Intrusive thoughts are unwanted thoughts, impulses or mental images that often cause significant anxiety, stress and impairment within an individual’s ability to function. These thoughts may surround the fear of committing an act one consider to be harmful, violent, immoral, sexually inappropriate, or sacrilegious. There is no intent to act on these thoughts (although your OCD may attempt to persuade you that there is that chance) and these thoughts bring no pleasure, causing extreme distress.

Sexual Intrusive Thoughts consist of unwanted sexual thoughts. This may include sexual orientation fears, such as the fear of being or becoming LGBTQ. It may also contain intrusive, unwanted mental imagery of sexual behaviors or actions that the individual does not desire, the fear of committing a harmful sexual act or being sexually aggressive. Individuals with OCD may also be plagued by unwanted intrusive thoughts/images that they may commit a sexual act to a child. This is not the same as having a sexual fantasy or being homophobic.

Examples of sexual intrusive thoughts:

            • Recurrent fear of molesting a child
            • Recurrent fears that one might be homosexual, when in fact he/she is not
            • Repetitive thoughts of possibly touching someone inappropriately on impulse
            • Unwanted sexual thoughts or images involving animals, religion, etc.

 

DISCLAIMER: The content found here is intended to serve as educational content and is not intended to replace therapy. For treatment-related questions, please be sure to work with your local provider or contact a local clinician.

 

Additional Resources:

Psychology Today Article 

Videos: Sexual Intrusive Thoughts

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Chad Wetterneck, PhD, discusses sexual intrusive thoughts and how they occur in a variety of ways. Common ways include doubting whether or not your sexual orientation is what it really is and imaging yourself acting on what you consider an unwanted impulse.

Chad Wetterneck, PhD, discusses the fears associated with sexual intrusive thoughts. One of the fears is wondering whether or not you would act on an unwanted impulse. Another fear is wondering what type of person does this make you if you are thinking this way.

Chad Wetterneck, PhD, provides an example of a sexual intrusive thought. It is important to practice exposing yourself in order the alleviate symptoms.

Chad Wetterneck, PhD, discusses the stigma around sexual intrusive thoughts. This condition often becomes under-diagnosed, and there is a double layer of stigma associated with sexual intrusive thoughts. The first layer is mental health, and the second layer is a topic that is not frequently discussed in culture, such as sex.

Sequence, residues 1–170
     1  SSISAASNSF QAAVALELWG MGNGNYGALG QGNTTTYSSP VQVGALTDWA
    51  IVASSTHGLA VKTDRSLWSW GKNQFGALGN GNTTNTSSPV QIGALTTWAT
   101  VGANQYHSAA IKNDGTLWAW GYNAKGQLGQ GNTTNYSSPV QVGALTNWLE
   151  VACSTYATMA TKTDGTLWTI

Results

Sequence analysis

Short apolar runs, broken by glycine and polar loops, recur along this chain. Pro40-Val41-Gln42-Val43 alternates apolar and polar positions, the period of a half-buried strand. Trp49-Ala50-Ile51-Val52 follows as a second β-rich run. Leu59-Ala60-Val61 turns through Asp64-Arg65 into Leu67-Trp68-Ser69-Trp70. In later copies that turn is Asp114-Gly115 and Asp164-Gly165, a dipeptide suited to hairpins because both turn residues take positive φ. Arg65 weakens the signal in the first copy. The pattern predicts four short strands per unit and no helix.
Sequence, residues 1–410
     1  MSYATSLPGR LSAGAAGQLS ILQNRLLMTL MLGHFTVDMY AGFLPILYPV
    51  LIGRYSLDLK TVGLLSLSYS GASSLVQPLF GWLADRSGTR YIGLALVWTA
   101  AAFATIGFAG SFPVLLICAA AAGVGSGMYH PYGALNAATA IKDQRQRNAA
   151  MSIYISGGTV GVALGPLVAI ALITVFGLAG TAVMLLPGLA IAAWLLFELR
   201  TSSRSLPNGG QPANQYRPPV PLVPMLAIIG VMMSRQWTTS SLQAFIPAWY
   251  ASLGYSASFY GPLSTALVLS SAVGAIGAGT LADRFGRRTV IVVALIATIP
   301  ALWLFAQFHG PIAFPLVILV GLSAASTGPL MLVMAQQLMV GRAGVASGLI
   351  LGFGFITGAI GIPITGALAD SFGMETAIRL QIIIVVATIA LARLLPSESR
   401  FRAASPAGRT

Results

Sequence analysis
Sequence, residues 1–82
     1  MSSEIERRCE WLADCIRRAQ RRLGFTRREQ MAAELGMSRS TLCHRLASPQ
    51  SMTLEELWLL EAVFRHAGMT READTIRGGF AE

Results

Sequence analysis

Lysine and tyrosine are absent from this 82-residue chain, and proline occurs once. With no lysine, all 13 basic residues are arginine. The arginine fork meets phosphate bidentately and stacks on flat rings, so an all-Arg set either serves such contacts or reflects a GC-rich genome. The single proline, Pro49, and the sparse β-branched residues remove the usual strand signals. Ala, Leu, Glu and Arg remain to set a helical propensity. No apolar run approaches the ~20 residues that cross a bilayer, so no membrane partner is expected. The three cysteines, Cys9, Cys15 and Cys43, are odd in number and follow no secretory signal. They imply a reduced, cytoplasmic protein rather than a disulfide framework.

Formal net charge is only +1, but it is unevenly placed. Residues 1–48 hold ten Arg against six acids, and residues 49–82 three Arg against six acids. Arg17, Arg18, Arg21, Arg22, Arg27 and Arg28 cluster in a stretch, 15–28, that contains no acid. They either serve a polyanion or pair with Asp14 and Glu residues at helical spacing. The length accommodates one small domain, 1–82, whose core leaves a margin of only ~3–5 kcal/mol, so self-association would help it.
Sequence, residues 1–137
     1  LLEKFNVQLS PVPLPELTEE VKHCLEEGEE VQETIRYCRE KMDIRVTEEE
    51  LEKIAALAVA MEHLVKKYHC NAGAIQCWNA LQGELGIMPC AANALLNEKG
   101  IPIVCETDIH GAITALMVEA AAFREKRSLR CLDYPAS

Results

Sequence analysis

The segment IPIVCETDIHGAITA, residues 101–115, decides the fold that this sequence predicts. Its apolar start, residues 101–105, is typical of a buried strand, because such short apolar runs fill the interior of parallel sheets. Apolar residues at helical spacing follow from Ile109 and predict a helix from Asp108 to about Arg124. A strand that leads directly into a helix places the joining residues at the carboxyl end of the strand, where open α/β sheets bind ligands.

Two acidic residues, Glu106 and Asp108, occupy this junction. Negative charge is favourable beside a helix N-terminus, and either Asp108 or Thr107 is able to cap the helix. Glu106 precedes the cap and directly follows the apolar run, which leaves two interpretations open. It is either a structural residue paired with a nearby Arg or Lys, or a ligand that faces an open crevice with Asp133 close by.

Chad Wetterneck, PhD, discusses the difference between sexual intrusive thoughts and fantasy. sexual intrusive thoughts are unwanted thoughts. Fantasy thoughts bring pleasure.

Chad Wetterneck, PhD, discusses a treatment known as exposure and response prevention (ERP). Slowly exposing yourself to more triggers can reduce the amount of sexual intrusive thoughts.

Chad Wetterneck, PhD., discusses sexual orientation OCD, the different aspects of this subtype and the treatment goals.

Chad Wetterneck, PhD., discusses what pedophilia OCD is and how the thoughts present.

Chad Wetterneck, PhD., discusses how pedophilia OCD is very different from being a Pedophile. Pedophilia OCD can be distressing to the individuals dealing with these thoughts and often includes avoidance behaviors.

Chad Wetterneck, PhD., discusses how professionals determine the correct exposures for individuals with pedophilia OCD. Examples of specific exposures can vary from person to person depending on what that individual needs.

Chad Wetterneck, PhD., discusses how friends and family members can support those with sexual obsessions. Support can look different for every person depending on where they are in their journey.

Chad Wetterneck, PhD., discusses how an individual with taboo intrusive thoughts can communicate their thoughts with therapists, family member and friends. It is important to communicate these thoughts with a mental health provider to properly treat the OCD.

Chad Wetterneck, PhD., discusses the fear that some individuals with OCD feel when considering having a child.